Yet there's something else that sets the young man apart from the pros who have climbed through the local basketball ranks. Leon Powe Jr. was raised on poverty and instability, not hoop dreams. He emerged as a basketball power from out of nowhere. And while he's clearly built for the sport, a bright future was not what anyone would have predicted for Powe half a dozen years ago. The young man was forced to be a comeback kid long before he competed in a serious game of hoops, and that he now stands on the brink of a basketball career says as much about his strength of character and the dedication of his mentors as it does about his rebounding prowess. "Well you know, life is hard," Powe says, flashing his usual modesty. "You have to do what you have to do to survive."
The clock is ticking down at Sacramento's Arco Arena. It's the fourth quarter of the 2002 California Division I Championship finals between the Oakland Tech Bulldogs and LA's Westchester Comets. The Bulldogs are trailing, and star center Leon Powe is sitting on the bench in foul trouble.
Bad break. This is the Dogs' first trip to the state championships, and they want nothing more than to bring the title home to Oaktown. During the regular season, the team played with intensity and passion, hungry to make the statewide playoffs after tasting bitter defeat the previous year in the Northern California semifinals.
Powe led the Bulldogs to a 28-3 record, averaging 28 points, 14 rebounds, and 3 blocks per game. The team clobbered more than a few opponents on the road to the championships. But tonight's rival is formidable: California's top-ranked team, whose roster includes at least two McDonald's All-Americans and eight to ten potential Division I college players. On paper, the Comets should be crushing the Bulldogs, especially with Powe on his ass. But the stalwart Dogs have held Westchester to a ten-point lead, based on the gritty play of University of Miami-bound point guard Armando Surratt and the tenacity of defender Kenneth "Deuce" Smith.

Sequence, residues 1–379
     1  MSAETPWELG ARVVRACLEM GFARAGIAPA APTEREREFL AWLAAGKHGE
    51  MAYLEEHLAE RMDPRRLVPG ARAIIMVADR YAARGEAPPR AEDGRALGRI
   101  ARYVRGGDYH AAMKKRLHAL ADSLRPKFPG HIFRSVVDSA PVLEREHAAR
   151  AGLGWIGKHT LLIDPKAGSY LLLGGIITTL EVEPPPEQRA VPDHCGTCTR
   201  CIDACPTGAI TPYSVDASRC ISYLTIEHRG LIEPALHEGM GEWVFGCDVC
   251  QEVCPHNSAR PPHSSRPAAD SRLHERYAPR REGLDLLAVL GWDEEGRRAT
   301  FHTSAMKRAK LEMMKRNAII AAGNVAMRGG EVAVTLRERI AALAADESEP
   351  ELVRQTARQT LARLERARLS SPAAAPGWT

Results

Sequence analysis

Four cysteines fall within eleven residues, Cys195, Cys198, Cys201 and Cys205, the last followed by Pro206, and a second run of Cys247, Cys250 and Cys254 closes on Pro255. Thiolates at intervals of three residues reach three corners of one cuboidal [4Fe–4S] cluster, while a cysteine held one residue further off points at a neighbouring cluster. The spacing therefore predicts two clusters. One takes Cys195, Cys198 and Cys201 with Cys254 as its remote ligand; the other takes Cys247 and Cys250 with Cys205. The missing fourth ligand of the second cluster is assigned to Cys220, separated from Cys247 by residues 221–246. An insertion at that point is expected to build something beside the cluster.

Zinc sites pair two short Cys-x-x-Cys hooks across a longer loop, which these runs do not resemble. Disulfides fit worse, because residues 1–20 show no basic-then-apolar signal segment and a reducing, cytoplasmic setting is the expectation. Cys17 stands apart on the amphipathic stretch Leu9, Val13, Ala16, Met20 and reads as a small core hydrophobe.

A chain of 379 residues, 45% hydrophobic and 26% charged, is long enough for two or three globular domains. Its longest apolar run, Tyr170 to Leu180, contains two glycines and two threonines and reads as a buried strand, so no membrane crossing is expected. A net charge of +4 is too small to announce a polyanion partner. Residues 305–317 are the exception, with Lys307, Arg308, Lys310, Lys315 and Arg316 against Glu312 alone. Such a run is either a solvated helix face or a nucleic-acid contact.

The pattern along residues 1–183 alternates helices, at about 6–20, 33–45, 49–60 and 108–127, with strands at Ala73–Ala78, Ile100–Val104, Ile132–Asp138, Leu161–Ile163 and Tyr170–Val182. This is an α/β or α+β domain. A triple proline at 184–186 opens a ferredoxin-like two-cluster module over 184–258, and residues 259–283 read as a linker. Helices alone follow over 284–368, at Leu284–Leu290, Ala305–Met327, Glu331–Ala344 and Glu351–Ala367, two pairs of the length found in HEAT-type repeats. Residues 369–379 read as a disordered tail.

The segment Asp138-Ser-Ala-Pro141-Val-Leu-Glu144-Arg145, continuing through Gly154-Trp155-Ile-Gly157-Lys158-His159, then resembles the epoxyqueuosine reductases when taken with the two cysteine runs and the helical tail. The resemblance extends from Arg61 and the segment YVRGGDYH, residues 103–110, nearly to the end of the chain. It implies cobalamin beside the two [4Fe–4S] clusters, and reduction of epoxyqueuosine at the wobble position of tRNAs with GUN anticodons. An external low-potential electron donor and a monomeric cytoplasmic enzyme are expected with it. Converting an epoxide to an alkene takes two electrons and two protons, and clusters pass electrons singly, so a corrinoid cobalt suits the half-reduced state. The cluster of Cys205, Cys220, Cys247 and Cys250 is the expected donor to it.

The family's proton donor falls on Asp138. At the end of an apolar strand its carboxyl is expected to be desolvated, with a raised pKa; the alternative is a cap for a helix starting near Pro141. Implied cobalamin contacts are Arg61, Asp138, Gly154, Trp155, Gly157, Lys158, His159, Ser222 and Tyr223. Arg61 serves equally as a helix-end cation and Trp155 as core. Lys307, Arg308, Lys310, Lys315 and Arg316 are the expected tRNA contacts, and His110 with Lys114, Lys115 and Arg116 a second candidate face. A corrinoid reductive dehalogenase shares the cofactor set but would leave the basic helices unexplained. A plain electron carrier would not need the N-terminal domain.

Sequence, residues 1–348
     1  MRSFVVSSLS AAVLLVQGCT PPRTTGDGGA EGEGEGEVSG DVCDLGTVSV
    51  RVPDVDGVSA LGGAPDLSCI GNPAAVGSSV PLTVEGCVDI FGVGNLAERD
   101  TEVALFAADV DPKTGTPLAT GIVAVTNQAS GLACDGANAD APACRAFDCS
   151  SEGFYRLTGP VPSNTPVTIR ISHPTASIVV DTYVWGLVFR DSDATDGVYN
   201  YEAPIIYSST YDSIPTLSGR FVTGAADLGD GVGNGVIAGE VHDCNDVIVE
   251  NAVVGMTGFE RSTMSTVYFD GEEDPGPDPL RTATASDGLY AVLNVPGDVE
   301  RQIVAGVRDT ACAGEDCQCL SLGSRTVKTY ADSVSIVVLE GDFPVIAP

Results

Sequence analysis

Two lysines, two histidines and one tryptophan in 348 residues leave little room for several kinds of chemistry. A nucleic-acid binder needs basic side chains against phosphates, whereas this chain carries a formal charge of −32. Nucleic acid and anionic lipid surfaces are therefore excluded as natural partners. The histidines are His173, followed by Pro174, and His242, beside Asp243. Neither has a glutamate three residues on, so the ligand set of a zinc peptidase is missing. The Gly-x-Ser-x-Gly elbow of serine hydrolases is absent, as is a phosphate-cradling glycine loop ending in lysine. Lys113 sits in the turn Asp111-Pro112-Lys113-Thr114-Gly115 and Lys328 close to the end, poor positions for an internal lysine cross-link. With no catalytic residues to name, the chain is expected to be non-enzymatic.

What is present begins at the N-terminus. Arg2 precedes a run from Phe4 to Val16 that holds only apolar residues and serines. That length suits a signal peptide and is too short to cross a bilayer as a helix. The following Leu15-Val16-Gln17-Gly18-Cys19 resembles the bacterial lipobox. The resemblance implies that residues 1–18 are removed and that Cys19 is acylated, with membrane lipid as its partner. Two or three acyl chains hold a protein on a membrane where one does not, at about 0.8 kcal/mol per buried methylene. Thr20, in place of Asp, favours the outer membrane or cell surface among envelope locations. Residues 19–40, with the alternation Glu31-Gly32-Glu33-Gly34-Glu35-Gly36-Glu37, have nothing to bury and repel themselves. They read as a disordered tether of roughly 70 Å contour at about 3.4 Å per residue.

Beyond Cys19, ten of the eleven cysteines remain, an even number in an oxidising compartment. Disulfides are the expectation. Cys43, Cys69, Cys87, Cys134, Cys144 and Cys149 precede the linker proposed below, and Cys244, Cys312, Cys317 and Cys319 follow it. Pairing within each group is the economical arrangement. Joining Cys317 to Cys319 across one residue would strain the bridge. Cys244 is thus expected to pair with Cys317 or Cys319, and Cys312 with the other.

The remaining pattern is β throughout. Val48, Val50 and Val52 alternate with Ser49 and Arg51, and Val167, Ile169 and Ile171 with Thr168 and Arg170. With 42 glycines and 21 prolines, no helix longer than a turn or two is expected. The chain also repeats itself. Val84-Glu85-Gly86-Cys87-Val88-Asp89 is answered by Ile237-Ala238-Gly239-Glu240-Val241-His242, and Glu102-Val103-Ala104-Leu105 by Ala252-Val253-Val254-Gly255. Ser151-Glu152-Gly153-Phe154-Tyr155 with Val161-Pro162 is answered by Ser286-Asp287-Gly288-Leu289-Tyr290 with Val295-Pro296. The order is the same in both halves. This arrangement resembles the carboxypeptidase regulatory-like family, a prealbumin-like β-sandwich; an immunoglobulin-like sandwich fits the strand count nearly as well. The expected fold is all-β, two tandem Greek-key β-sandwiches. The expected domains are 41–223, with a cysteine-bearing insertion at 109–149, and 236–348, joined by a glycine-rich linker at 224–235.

With time draining fast, Bulldogs coach Hodari McGavock looks over at his benched weapon. Powe is equipped with an arsenal of moves around the basket that enables him to score almost at will against his high-school opponents. He's also a ferocious rebounder with a seven-foot wingspan that's hard to shoot over, and it's time to break him out. McGavock gives Powe a look that says "Get out there and put us back in the game."
Powe proceeds to do exactly that. In one impressive move, he catches a lob from Deuce on the low post, spins to his right around a Comet defender, and dunks over the Comets' Brandon Bowman and Scott Cutley to launch an eleven-point Bulldog scoring run. But the rally comes too late -- Westchester is able to withstand the attack to win 80-75 and walk away with the prize. "Five more minutes and it could have been a different story," McGavock laments afterward.
As the runners-up receive medals for their participation, most sport long faces. The loss was especially bitter for Powe. It had been a particularly rough week. Four days earlier his mother, Connie Landry, had died in her room at Night's Inn, an Oakland residential motel, from causes related to cardiomyopathy, a chronic heart condition. Powe claims his mother's death didn't affect his playing. "Once I stepped on that court, I was not thinking about anything except winning," he says.
Afterward, though, it was a different story.